Note that both start and end arguments should be datetime objects. If you've got strings instead, it's fairly easy to convert. The other answers point to some ways to do so.

share|improve this answer
Requires Python version 2.7 – atomocopter Mar 27 '14 at 8:51

It's very simple using radar


$ pip install radar


import radar 

# Generate random datetime (parsing dates from str values)
radar.random_datetime(start='2000-05-24', stop='2013-05-24T23:59:59')

# Generate random datetime from datetime.datetime values
    start = datetime.datetime(year=2000, month=5, day=24),
    stop = datetime.datetime(year=2013, month=5, day=24)

# Just render some random datetime. If no range is given, start defaults to 
# 1970-01-01 and stop defaults to
share|improve this answer

The easiest way of doing this is to convert both numbers to timestamps, then set these as the minimum and maximum bounds on a random number generator.

A quick PHP example would be:

// Find a randomDate between $start_date and $end_date
function randomDate($start_date, $end_date)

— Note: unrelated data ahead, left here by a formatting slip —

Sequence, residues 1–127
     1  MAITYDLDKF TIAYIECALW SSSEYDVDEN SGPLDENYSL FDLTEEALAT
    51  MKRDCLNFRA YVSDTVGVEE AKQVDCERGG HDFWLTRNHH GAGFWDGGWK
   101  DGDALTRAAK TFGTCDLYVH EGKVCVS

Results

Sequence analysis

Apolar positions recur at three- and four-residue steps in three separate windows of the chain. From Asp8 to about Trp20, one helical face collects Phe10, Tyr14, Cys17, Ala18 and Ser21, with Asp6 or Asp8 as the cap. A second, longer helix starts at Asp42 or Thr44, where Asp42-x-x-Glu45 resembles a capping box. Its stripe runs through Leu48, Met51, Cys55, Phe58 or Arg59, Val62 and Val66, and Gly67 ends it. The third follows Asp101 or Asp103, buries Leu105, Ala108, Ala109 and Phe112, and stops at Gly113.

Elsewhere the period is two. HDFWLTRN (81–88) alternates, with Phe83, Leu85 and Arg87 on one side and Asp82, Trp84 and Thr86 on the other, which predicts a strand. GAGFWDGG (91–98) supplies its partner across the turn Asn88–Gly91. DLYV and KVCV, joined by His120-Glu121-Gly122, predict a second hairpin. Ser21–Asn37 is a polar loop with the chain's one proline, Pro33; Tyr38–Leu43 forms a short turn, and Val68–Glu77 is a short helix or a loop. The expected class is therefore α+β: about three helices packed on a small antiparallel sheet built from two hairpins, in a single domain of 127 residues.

// Convert to timetamps
    $min = strtotime($start_date);
    $max = strtotime($end_date);

    // Generate random number using above bounds
    $val = rand($min, $max);

    // Convert back to desired date format
    return date('Y-m-d H:i:s', $val);

This function makes use of strtotime() to convert a datetime description into a Unix timestamp, and date() to make a valid date out of the random timestamp which has been generated.

share|improve this answer
If anyone can write that in python that would be helpful. – quilby Feb 16 '09 at 13:47

This is a different approach - that sort of works..

from random import randint
import datetime,2025), randint(1,12),randint(1,28))

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Here is an answer to the literal meaning of the title rather than the body of this question:

import time
import datetime
import random

def date_to_timestamp(d) :
  return int(time.mktime(d.timetuple()))

def randomDate(start, end):
  """Get a random date between two dates"""